But the biggest deal that NCL got–the contract that brought it into Afghanistan’s major leagues–was Host Nation Trucking. Earlier this year the firm, with no apparent trucking experience, was named one of the six companies that would handle the bulk of US trucking in Afghanistan, bringing supplies to the web of bases and remote outposts scattered across the country.

At first the contract was large but not gargantuan. And then that suddenly changed, like an immense garden coming into bloom. Over the summer, citing the coming “surge” and a new doctrine, “Money as a Weapons System,” the US military expanded the contract 600 percent for NCL and the five other companies. The contract documentation warns of dire consequences if more is not spent: “service members will not get food, water, equipment, and ammunition they require.” Each of the military’s six trucking contracts was bumped up to $360 million, or a total of nearly $2.2 billion. Put it in this perspective: this single two-year effort to hire Afghan trucks and truckers was worth 10 percent of the annual Afghan gross domestic product. NCL, the firm run by the defense minister’s well-connected son, had struck pure contracting gold.

Host Nation Trucking does indeed keep the US military efforts alive in Afghanistan. “We supply everything the army needs to survive here,” one American trucking executive told me. “We bring them their toilet paper, their water, their fuel, their guns, their vehicles.” The epicenter is Bagram Air Base, just an hour north of Kabul, from which virtually everything in Afghanistan is trucked to the outer reaches of what the Army calls “the Battlespace”–that is, the entire country. Parked near Entry Control Point 3, the trucks line up, shifting gears and sending up clouds of dust as they prepare for their various missions across the country.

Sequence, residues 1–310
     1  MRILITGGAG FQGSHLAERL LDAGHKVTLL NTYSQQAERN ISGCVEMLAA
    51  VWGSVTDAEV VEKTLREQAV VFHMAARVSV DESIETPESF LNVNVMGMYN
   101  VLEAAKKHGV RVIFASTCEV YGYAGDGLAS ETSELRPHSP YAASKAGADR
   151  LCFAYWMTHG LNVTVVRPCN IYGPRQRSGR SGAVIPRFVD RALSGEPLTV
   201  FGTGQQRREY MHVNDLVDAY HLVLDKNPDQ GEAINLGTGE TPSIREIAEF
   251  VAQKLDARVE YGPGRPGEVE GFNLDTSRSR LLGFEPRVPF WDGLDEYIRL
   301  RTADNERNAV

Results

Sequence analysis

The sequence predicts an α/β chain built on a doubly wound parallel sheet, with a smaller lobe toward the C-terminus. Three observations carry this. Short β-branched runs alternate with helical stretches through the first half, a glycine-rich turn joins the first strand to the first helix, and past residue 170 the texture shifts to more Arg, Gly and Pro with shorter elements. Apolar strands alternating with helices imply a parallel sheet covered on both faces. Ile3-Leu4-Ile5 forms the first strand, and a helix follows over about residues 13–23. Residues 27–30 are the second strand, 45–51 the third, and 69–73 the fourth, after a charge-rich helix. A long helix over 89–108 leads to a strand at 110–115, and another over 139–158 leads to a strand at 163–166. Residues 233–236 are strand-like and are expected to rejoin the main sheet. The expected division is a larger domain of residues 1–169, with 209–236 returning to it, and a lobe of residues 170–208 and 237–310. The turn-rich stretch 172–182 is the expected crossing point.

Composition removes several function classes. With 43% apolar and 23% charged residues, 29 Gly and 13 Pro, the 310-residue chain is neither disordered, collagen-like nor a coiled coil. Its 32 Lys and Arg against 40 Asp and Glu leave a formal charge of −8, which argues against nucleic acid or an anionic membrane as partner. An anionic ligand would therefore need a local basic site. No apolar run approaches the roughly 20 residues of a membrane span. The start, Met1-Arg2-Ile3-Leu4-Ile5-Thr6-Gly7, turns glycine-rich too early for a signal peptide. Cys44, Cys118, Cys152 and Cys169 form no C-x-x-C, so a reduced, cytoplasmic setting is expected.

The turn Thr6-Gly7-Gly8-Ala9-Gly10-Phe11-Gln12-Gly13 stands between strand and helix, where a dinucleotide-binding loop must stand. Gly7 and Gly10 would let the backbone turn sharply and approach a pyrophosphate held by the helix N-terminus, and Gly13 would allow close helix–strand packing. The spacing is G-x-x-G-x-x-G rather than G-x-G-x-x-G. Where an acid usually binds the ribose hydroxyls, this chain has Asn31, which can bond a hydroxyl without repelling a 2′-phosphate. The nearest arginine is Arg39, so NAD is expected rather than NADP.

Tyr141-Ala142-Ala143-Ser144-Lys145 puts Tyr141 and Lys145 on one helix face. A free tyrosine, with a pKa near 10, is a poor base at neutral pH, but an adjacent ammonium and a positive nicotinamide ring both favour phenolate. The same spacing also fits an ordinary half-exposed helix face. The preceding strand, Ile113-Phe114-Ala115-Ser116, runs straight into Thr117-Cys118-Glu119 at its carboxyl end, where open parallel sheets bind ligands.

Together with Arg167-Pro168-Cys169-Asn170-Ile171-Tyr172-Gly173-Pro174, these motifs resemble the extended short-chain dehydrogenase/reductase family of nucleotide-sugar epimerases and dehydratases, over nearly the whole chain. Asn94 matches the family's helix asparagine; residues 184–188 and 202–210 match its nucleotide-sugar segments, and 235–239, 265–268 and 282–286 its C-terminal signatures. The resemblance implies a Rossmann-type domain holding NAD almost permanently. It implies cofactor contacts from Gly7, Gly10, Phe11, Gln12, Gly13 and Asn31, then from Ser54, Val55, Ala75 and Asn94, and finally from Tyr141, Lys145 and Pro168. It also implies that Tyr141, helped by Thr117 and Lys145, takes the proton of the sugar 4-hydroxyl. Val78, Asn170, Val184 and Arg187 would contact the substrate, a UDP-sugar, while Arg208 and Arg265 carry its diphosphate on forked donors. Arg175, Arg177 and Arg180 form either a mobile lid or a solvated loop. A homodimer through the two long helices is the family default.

The real secret to trucking in Afghanistan is ensuring security on the perilous roads, controlled by warlords, tribal militias, insurgents and Taliban commanders. The American executive I talked to was fairly specific about it: “The Army is basically paying the Taliban not to shoot at them. It is Department of Defense money.” That is something everyone seems to agree on.

Mike Hanna is the project manager for a trucking company called Afghan American Army Services. The company, which still operates in Afghanistan, had been trucking for the United States for years but lost out in the Host Nation Trucking contract that NCL won. Hanna explained the security realities quite simply: “You are paying the people in the local areas–some are warlords, some are politicians in the police force–to move your trucks through.”